In reference to globalization, the origins of mythology and ideas of "super-heros" go back thousands of years to ancient mythology. Often, these ancient gods or heros had something in common with their audiences, to identify with, as well as an exceptional skill that surpassed that of any human capability. This Burka Avenger trailer shows that the Avenger fights evil in a superior way- by using books. The commonality with Muslim audiences is depicted as wearing similar religious clothing, but also realizing that having that ability to battle with books is something both the superhero has, AND the general population. This allows for identifying between the population and the hero in a way that shows they can be heros too. Superman did something similar by "doing the right thing," and Batman too, by standing up to injustice at whatever level his opportunities permitted. Showing a down-to-earth hero with powers and commonalities with the Muslim audience is a way of the artists of their society saying that these kids can be heroes too. It plays down the extremes of actual violence, and replaces that with intellectual solutions and peaceful defending of the right thing to do. The blend of conventional heroic traits and the Pakistani culture is what makes this cartoon a statement for social change, and also what might keep them away from harmful activities by them being exposed to it at a young age.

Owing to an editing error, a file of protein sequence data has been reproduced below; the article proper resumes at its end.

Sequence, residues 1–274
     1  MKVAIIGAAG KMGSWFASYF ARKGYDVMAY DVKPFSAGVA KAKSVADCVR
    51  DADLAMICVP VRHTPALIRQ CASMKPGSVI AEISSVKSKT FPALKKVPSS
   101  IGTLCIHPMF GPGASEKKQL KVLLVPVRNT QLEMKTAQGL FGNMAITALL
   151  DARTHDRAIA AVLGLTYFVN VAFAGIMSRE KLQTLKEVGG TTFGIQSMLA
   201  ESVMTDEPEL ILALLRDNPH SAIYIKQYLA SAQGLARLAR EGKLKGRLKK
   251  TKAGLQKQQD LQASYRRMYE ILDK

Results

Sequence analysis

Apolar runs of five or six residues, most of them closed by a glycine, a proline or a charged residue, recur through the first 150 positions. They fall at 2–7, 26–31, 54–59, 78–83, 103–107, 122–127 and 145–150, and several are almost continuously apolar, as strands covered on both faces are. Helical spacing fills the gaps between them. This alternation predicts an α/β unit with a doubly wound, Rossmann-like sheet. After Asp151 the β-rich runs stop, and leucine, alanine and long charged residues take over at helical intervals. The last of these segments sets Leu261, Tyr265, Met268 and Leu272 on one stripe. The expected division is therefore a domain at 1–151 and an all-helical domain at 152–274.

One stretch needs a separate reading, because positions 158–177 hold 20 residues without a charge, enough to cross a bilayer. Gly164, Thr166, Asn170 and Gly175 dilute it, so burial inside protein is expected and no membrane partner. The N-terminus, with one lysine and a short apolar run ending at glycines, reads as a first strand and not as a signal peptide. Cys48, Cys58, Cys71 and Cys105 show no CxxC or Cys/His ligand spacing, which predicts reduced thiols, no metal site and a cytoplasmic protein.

When Anum Hussain heard about the Boston Marathon bombing, she immediately panicked, worried that the culprits would be like her. The 22-year-old Muslim was in the offices of Hubspot, the Cambridge marketing-software company she works for.
A Muslim friend of mine went through hell in high school, and was often called a terrorist. People used to knock his books over in the hallways and took his religious cap from him. They would talk behind his back, mock his holy garb, and blame him for events such as the bombing of the twin towers on 9/11/01, which was ridiculous because he was not even a teenager at the time that event happened. He shall remain nameless for purposes of respect and privacy, but this allusion is in order to establish my opinion that if people had gotten to know more Muslims at a younger age, as I have in this case, they would not associate Muslims with terrorism in their first impressions with these people. My friend is a kind, musically inclined, and peaceful artist, and I am open to believing that these qualities reflect more accurately what Muslims are about, at least to me, than the negative connotations of dangerous radicals within that religious sect. It seems the media's portrayal of the truth is more important than the truth itself to many people, for it is weighted with shining gold credibility spoken through shiny white teeth on an HDTV screen in high resolution... not from upset protests by bearded, turban-clad Muslims, however innocent they may actually be. The Muslims that have wonderful qualities have been overshadowed not by the dangerous radicals, but by the extreme portrayals and labelings from the media.
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